“It comes and goes. It depends on the market cycle that you’re in. If the economy isn’t doing brilliantly, and you’re in a defensive cycle, then, typically, tobacco and alcohol can perform well because people carry on buying those things. We’re long-term investors. We take the long term view.
“Fundamentally, we have our restrictions because they are the right thing to do. We monitor it. There may be a negative impact at times, but we are the Church, and we want to invest in line with our ethical values.”
Mr Harrison has a more nuanced view. “It is a real fear,” he says. “Whether the evidence is that it would affect return in a big way is a moot point, really. There are quite a lot of studies done that show that companies performing well on ethics tend to perform well financially, too.”
Mr Harrison cites the current “hot issue in ethical investment” of carbon disinvestment, and says that some financial advisers are saying that they cannot guarantee performance if investors exit from carbon now.
“The jury is out as to how that would affect performance,” he says, “but, given the performance of oil companies, it has been a good choice over the past year or so because oil has been in a terrible mess.
“But fund performance is measured over the long term; so it is hard to know what the impact of exiting carbon would be. Nobody has explored that in a big way until all the divestments that have occurred in the last couple of years. So it is hard to say.”
In the 12 months to 1 October, shares in BP had fallen by almost 25 per cent, while shares in Royal Dutch Shell had fallen almost 36 per cent. “The argument from the divestment movement is that these stocks are going to perform increasingly worse as people realise that there is just no future in digging up and burning more stuff,” Mr Harrison says.
“So, to some degree, it is a self-fulfilling prophecy if enough people do it. Being part of a movement is a key element to it.”
THERE is, however, more to ethical investment than simply disinvesting from companies that you disagree with, or avoiding industries and sectors that you find objectionable. Increasingly, investors are seeking to engage positively with the people running the business or funds where they put their money.
The larger the investor, the larger the influence. The NIBs have long pooled their respective influence by sharing the EIAG as their engagement vehicle; but now they have gone further, and have teamed up ecumenically to form the Church Investing Group. Last year, they agreed a common voting pattern on UK company remuneration reports and director appointments, providing what Mr Mason called “a stronger and more unified church voice”.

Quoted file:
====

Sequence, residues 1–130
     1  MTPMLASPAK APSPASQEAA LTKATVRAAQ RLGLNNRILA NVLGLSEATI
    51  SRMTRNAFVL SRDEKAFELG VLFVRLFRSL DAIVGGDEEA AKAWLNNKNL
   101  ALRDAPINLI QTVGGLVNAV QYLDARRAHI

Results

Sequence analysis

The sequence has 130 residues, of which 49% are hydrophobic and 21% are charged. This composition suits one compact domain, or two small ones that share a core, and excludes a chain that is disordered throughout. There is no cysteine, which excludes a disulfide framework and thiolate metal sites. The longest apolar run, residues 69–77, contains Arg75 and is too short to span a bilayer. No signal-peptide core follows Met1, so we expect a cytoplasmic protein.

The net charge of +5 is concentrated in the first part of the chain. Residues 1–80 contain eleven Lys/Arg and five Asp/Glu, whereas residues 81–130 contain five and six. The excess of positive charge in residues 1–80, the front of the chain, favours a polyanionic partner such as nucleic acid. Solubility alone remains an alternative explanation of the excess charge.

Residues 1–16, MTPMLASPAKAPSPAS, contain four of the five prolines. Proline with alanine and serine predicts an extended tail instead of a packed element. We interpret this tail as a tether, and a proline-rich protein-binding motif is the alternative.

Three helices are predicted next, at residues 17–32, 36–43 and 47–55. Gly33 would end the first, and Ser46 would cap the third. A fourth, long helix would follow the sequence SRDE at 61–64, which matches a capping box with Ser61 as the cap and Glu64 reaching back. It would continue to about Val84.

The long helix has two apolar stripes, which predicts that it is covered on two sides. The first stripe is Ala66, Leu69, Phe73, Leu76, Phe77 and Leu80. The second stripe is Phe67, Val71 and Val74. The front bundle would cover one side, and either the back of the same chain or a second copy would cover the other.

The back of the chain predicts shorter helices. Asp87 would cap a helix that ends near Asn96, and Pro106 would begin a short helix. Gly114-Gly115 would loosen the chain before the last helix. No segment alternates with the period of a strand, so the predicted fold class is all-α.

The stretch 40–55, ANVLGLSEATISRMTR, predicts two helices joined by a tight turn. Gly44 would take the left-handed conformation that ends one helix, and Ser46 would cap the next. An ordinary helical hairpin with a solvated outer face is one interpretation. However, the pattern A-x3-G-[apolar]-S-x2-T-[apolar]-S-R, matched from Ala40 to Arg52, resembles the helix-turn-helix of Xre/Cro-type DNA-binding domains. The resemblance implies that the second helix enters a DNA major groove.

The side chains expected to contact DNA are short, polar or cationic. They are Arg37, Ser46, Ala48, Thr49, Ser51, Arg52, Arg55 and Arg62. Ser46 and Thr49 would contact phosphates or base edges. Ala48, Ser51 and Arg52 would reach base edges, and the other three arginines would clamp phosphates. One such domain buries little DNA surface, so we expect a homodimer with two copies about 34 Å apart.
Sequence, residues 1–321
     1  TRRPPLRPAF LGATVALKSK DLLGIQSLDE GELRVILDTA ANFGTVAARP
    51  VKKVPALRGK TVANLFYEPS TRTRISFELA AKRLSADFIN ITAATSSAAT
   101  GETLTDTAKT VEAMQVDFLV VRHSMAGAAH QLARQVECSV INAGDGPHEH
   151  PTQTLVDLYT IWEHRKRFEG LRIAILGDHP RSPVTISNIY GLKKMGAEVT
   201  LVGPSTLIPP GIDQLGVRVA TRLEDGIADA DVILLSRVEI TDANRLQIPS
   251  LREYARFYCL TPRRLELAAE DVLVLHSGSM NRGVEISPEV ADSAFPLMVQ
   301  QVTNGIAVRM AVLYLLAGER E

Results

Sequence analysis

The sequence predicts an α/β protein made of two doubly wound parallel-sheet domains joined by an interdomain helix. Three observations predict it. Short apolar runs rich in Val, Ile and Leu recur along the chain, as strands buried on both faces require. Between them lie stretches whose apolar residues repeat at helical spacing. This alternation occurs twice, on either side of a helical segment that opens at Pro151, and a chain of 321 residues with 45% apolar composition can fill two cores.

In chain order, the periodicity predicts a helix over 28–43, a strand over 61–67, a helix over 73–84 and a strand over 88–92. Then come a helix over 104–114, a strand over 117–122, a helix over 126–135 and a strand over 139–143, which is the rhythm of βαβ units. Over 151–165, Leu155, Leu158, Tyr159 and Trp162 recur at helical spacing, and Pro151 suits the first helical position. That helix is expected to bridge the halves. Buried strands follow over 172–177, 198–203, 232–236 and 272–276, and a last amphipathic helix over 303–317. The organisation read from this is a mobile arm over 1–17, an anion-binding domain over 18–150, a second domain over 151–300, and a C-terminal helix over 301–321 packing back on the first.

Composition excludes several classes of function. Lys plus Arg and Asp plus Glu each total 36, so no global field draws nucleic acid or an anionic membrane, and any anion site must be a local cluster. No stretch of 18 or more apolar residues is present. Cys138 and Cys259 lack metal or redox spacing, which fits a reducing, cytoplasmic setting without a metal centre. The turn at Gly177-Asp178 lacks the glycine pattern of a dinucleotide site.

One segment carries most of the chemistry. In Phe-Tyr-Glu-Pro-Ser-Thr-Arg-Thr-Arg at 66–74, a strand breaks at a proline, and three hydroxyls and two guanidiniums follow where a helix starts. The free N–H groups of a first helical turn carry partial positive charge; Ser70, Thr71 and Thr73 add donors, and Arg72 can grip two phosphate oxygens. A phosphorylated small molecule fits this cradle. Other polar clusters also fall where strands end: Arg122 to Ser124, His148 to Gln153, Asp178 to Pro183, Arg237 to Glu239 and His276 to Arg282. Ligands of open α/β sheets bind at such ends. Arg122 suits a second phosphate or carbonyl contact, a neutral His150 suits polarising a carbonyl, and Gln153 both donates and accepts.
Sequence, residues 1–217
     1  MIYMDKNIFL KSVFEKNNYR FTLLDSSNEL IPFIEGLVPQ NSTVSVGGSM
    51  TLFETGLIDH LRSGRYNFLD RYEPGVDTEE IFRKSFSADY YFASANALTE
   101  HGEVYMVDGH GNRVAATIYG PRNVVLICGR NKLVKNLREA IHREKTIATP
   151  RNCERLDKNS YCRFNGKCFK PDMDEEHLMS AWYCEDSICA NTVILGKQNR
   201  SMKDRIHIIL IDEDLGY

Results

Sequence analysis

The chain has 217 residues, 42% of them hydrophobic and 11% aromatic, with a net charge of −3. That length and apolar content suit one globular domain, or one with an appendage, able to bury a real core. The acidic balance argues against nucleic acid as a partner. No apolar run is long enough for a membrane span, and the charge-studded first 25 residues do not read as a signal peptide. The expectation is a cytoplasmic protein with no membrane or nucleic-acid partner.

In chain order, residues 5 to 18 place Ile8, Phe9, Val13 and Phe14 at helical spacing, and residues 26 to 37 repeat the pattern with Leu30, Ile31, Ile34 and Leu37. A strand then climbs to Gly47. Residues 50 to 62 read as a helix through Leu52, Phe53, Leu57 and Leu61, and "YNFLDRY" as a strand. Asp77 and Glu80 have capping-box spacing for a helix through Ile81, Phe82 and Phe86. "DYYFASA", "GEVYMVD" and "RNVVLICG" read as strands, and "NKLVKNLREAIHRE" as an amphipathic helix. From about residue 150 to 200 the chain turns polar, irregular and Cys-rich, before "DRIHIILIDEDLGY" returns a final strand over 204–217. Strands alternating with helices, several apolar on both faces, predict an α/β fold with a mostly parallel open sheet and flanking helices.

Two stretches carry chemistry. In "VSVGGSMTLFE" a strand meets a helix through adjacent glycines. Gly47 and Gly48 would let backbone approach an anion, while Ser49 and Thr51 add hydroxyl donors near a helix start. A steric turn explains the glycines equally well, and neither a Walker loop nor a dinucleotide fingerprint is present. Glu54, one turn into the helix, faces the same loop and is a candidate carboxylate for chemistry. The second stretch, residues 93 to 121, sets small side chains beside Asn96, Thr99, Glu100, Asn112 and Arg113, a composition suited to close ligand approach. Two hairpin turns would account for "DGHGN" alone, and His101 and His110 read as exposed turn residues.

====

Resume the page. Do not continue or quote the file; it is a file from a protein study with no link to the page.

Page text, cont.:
Although the personal investor may have less individual clout, both Mr Mason and Mr Harrison agree that they can and should engage, even though Mr Harrison says that “unless [companies] have had 500 other letters on the same subject in the same year, they probably won’t take notice of it unless it comes from a self-made millionaire with three per cent of the shares in the company.
“In order to make your voice heard as a small investor, you need to join some bigger movement. Most small investors are going to be investing in pooled funds or unit trusts anyway, and pooled unit trusts should be recording their history of engagement.
“You can certainly talk to those funds about issues they should be engaging in, and they should be interested in what you have to say. They pool the money, share risk, and buy bigger shareholdings; but they also pool ideas, and can collectively lobby on behalf of all their customers.”
“They must have a say,” Mr Mason said. “I would really encourage people to think that they can have an influence in this area. We can all make a difference if we take an interest in how our money is invested. There are lots of things individuals can do.
“If they take financial advice they can go to a specialist independent financial adviser, or they can ask their established adviser about ethical options. If you are in a corporate pension scheme, you can ask your employer: ‘Do you have an ethical option?’; ‘Is there a responsible investment option in my pension scheme?’; ‘How is my defined-benefits scheme being invested?’ Ask the questions.
“The whole point about ethical investment is that money is not morally neutral. It does have an impact in the real world. It can be used positively, and consumers can use their influence positively.”